The third and far less interesting moment of serendipity arrived in a large plastic bag. It was part of the packaging for our new printer. Long story, but I’ve been meaning to make a cover for a mobility chair that lives in the garage along with dust bunnies and bugs. I bought it for my mom in her declining years to help get her to her medical appointments. I kept it after she passed and my sister was able to use it when she first returned from Iowa (she has MS). Last year it came in handy for outings when I was recovering from surgery. And I’ve loaned it out several times to a neighbor who’s had many surgeries herself.

So back to the printer bag. It’s an odd size, wider than a large trash bag but not that tall. On a whim I tried it out on the mobility chair, and you guessed it, serendipity! It’s the perfect size and shape. It saved me the trouble of making one, it kept the plastic bag out of the landfill, and I like that it’s clear.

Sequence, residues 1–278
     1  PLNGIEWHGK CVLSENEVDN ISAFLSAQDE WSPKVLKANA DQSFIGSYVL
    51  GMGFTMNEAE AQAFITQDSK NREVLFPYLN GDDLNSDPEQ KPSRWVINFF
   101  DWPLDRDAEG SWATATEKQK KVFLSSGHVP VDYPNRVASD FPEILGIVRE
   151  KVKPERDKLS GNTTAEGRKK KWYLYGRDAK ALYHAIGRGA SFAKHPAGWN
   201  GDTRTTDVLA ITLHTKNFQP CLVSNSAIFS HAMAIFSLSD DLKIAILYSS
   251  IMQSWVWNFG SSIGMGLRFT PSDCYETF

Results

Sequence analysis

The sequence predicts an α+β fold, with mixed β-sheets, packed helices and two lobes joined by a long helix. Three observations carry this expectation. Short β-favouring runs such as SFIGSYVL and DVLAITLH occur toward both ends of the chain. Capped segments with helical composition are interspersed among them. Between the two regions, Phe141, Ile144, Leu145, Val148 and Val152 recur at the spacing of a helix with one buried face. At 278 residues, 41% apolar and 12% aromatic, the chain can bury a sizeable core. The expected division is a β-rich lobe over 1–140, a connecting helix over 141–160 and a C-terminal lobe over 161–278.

mobility chair

Mobility chair with custom-sized cover

So how about you? Do you look for these special moments in your life?

PS

Lindy wanted to be including in this post. She insists that this shoe box is the perfect size for her girlish figure. Ah…serendipity?

Connections: Our Big Beautiful World

Nandini and boys

Nandini and our boys

Sunday morning I spoke with my long-time friend, Nandini via Skype. She currently lives in Chennai, India. It’s wonderful to connect.

I shared this passage on Facebook:

Nandini and I worked together at a start-up called Pretzel Logic Software in 1995. We became fast friends, then first time moms when we had our boys just six weeks apart in 1997. We supported each other through those sometimes difficult and perplexing first months of parenthood. We met weekly for tea, pushed our strollers through the park, and enjoyed time at our respective homes. It was a sad parting when she moved back to Chennai in 2000 in order to support her aging family. I’m grateful for the technology that allows us to continue our conversations, and to marvel at the fact that those baby boys will soon turn 18.

That’s when all the connections (my word of the year) started rolling in.